The influence of gummy sharks, Mustelus antarcticus, on observed fish assemblage structure
Document Type Article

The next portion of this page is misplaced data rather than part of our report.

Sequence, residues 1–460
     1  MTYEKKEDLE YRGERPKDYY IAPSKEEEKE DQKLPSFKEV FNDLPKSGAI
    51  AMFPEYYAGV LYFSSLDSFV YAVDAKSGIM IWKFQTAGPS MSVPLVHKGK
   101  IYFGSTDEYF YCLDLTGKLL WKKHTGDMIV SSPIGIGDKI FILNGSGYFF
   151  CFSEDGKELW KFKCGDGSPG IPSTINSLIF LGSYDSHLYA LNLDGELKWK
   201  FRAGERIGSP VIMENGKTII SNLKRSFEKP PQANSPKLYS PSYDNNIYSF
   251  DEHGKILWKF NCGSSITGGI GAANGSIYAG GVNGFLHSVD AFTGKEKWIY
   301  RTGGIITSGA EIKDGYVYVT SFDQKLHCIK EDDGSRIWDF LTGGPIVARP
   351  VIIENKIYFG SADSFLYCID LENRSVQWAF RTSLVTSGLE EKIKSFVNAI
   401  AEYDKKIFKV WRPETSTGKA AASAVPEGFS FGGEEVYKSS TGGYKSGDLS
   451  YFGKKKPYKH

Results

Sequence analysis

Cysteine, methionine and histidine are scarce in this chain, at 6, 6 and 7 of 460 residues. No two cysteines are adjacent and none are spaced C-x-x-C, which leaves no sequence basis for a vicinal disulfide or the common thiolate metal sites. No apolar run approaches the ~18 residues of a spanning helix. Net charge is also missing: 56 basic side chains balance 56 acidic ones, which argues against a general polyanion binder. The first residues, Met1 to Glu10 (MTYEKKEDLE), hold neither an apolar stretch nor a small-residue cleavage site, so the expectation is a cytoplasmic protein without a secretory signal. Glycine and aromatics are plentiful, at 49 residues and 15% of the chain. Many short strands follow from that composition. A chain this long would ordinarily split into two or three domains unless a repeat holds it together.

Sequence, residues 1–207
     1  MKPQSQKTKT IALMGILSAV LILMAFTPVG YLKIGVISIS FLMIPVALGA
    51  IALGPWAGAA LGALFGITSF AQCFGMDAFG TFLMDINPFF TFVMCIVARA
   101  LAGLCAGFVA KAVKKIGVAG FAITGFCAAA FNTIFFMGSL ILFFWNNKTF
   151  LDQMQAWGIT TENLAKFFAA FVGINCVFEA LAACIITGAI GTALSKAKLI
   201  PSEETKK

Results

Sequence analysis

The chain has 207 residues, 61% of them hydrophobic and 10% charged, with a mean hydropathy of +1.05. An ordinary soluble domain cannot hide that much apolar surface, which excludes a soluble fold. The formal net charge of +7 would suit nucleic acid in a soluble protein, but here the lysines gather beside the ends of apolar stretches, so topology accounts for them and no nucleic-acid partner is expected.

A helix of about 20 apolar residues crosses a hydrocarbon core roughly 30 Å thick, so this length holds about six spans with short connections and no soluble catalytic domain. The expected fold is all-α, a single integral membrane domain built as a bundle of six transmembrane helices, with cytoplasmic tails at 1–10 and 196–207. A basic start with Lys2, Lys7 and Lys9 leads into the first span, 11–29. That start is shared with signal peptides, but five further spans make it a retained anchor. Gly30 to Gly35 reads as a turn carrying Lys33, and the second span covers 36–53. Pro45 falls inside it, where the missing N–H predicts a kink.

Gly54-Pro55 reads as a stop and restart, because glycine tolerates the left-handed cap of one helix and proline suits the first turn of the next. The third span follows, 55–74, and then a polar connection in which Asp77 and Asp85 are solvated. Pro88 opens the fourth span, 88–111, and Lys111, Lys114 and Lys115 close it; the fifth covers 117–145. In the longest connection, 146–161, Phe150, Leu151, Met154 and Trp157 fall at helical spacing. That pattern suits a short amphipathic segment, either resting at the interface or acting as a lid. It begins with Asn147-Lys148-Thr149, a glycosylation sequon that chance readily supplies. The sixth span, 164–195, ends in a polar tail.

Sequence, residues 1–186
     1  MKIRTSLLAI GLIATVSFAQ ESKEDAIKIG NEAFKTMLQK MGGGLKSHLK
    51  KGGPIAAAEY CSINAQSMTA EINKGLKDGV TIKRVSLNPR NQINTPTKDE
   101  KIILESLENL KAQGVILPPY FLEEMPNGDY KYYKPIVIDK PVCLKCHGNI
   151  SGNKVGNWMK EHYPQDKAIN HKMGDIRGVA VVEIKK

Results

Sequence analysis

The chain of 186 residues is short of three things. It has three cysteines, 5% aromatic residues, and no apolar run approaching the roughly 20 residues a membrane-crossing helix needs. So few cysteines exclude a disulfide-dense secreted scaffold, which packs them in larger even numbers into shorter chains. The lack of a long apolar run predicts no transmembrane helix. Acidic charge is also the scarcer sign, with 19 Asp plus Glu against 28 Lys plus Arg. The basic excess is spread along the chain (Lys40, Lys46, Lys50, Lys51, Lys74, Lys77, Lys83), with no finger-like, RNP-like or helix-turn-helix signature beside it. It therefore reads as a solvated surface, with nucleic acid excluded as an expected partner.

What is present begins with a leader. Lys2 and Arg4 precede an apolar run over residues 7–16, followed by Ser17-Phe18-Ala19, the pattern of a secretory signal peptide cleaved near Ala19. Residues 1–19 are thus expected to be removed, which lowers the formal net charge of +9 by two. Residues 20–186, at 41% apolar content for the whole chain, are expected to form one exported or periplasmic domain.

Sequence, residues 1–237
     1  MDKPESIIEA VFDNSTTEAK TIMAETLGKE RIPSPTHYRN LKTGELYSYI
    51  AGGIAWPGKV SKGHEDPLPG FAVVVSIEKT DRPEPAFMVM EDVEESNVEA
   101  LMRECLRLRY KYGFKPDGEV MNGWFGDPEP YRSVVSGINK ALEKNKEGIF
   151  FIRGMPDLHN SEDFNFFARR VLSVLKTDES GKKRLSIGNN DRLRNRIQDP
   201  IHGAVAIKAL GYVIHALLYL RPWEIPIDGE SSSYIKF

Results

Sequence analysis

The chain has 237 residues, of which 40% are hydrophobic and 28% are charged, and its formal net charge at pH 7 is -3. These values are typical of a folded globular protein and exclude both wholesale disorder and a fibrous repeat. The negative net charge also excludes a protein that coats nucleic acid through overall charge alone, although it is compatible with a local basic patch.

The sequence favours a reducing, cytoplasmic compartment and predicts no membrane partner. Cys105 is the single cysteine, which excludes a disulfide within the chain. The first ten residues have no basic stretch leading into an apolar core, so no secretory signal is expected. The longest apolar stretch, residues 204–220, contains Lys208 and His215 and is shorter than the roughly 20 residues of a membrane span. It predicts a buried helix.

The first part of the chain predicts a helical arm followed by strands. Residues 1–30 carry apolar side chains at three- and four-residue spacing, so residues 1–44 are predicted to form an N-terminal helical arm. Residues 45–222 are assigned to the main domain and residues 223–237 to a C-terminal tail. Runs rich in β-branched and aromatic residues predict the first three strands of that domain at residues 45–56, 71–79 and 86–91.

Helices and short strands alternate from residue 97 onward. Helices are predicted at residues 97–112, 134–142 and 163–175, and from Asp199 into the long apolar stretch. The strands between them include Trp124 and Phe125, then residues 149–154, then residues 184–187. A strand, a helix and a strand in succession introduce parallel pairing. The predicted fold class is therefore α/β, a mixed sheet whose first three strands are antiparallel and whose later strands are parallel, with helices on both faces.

Large predatory fish that alter the behaviour of smaller species may affect visual estimates of abundance by making organisms more or less difficult to observe and quantify. To evaluate the non-consumptive influence of large predators on rocky reef fishes observed with Baited Remote Underwater Video (BRUV), we tested the hypothesis that fish assemblages monitored when large (ca 1.5 m) piscivorous sharks, Mustelus antarcticus, were present differ from those observed when sharks were absent. We did this in two ways using recordings from rocky reefs in Batemans Marine Park, NSW, Australia. First, we examined 6 min of each 30 min tape; 3 min when sharks were present and 3 min when they were absent, in a paired sample design from 17 sites. Second, we compared fish assemblages for complete tapes (30 min) at sites with sharks present compared to sites where they were absent. The diversity and total abundance of fishes was consistently lower in the presence of sharks; we detected significant assemblage-wide change (PERMANOVA, P < 0.05). Importantly, the diversity and total abundance of fishes for complete tapes (30 min) decreased in the presence of sharks by 18 % and 36 %, respectively, underscoring the likelihood that sharks influence observed fish assemblages. Individual species responses were variable and while the abundance of many fish species decreased in response to sharks, others increased 6-fold. Overall, these results highlight the need to consider systematic differences in the abundance of large predators to avoid biases when testing hypotheses about fish assemblages using non-destructive visual methodologies.